Sunday, February 7, 2010

When good is good…

Many of you know that my niece Grace was adopted from Ethiopia. The story goes that my sister Blaine’s church, one Sunday, hosted a U.S. missionary who’d returned from Ethiopia. The topic of international adoption arose, and Blaine felt a deep stirring in her soul. She and Will, her husband, talked and prayed about it for some time. They discussed finances, did much research, and eventually decided God was calling them to adopt.

That’s when the waiting began. From start to finish, the adoption process took Blaine and Will about eighteen months. I’d never witnessed that process, so I hadn’t realized how much paperwork and planning adoption required. And apparently, Blaine and Will’s timeline was shorter than many others. There were regulatory agencies from the U.S., local and national, as well as from Ethiopia, that needed reassurance. No, they weren’t ‘adopting’ children and selling them to sweatshops. No, they weren’t involved in international sex trafficking of minors. Yes, they were able to support an adopted child, emotionally and financially. A caseworker toured their home, interviewed them and their other kids. And they both had to travel to Ethiopia for three weeks before everything was complete and Grace was finally in California. Phew, what an adventure!

We don’t know everything, but it seems Grace began life tragically and miraculously. She was abandoned not long after birth. Grace’s birth mom struggled with AIDS, they think, and desperate poverty. She had no hope of properly raising the kid, so she let Grace go. Someone found her before she died, thankfully, and placed her in an over-crowded orphanage (Grace’s story isn’t unique in Ethiopia). Fortunately, a loving American family wanted to adopt her, which happened approximately five months later. Now she’s my niece.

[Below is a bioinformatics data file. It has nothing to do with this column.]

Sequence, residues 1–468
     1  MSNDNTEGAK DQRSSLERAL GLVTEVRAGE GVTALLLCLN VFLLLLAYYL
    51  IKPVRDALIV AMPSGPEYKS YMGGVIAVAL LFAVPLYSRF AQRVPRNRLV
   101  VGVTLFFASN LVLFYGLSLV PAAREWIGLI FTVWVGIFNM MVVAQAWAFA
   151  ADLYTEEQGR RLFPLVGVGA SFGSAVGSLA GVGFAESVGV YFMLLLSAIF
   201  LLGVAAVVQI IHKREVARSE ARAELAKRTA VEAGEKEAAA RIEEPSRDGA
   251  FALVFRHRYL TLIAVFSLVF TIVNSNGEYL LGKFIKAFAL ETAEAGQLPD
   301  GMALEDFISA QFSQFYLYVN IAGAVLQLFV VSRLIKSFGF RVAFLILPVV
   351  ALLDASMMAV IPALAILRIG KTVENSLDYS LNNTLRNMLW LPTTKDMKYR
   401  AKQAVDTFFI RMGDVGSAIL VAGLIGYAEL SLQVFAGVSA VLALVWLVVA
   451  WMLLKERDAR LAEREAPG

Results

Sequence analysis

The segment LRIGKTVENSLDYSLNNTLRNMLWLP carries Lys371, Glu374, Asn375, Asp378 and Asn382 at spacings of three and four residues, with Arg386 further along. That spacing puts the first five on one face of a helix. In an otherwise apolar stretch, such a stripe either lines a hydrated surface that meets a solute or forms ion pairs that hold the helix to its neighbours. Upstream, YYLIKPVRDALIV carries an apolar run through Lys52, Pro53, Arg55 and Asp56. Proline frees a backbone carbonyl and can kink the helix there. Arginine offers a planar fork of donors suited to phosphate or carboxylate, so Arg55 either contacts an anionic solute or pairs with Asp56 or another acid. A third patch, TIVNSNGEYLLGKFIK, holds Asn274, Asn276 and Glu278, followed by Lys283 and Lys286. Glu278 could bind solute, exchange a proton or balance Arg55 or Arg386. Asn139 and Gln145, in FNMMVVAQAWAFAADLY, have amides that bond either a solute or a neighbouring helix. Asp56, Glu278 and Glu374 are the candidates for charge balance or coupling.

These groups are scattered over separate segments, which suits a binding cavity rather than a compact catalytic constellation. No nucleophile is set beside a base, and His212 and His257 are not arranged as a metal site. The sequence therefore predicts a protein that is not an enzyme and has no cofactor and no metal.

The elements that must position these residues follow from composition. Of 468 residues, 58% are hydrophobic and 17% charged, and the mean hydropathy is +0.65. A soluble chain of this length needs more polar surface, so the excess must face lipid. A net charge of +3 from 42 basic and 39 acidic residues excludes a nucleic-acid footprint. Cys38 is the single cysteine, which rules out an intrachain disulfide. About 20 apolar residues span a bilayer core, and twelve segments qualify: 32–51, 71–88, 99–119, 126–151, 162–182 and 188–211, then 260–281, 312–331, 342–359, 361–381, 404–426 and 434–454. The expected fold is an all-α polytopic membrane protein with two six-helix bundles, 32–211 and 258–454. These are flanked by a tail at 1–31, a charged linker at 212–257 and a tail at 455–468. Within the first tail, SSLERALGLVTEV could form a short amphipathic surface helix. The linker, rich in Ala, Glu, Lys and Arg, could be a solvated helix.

Some questioned why Blaine chose international adoption, rather than domestic, and that’s fair. From my rudimentary knowledge, there is some unmet need for U.S. born adoption, particularly for African-American children and teenagers. But regardless where they’re from, adopted kids are children who needed stable homes. And what challenged Blaine and Will to open their family to a parent-less child were stories of severe Ethiopian poverty, which was reason enough for them.

I’ve thought about those circumstances a lot ever since hearing, this week, about that group of American missionaries arrested in Haiti. In case you didn’t, ten Baptists were stopped at a border crossing, and accused of child trafficking. It seems these do-gooders tried taking 33 kids to an orphanage they were building in the Dominican Republic, which promised better living conditions than the earthquake/poverty ravaged Haiti. But the missionaries didn’t have the right paperwork, and weren’t up-to-speed on international adoption protocols. They were, from all appearances, simply folk who wanted to help kids, and thought they’d found a good way.

But as my family learned, there’s A LOT to consider if you want to help orphaned children. And given the multi-billion dollar evil sex trafficking industry, that’s probably for the best. Think of how easily devious criminals could target vulnerable Haitians these days. Tens of thousands of parents dead. A non-functioning government. If I were a border guard, I’d be especially wary. Now, it doesn’t seem like these missionaries intended such harm. Quite the opposite. But are they, therefore, without fault? In other words, is wanting to do good enough? Or are Christians called to put effort, as well, into finding a good way to do good, particularly if you have the capacity to do so? Being married to a researcher, I’m of the latter opinion. The law of unintended consequences concerns me, as does the ease with which our compassionate hearts can muddle our thinking in times of crisis.

But it also seems this story is just beginning. New details emerge daily, so I’m reserving full judgment. What do you think? Should Christians act first, and ask questions later? Or is there a spiritual imperative to make sure, as best we can, that our efforts will bear good fruit? Or is that just a convenient excuse for inaction? May your weeks fill others with goodness. Please pray for these imprisoned missionaries and all the children of Haiti. In all things,

Grace and Peace,


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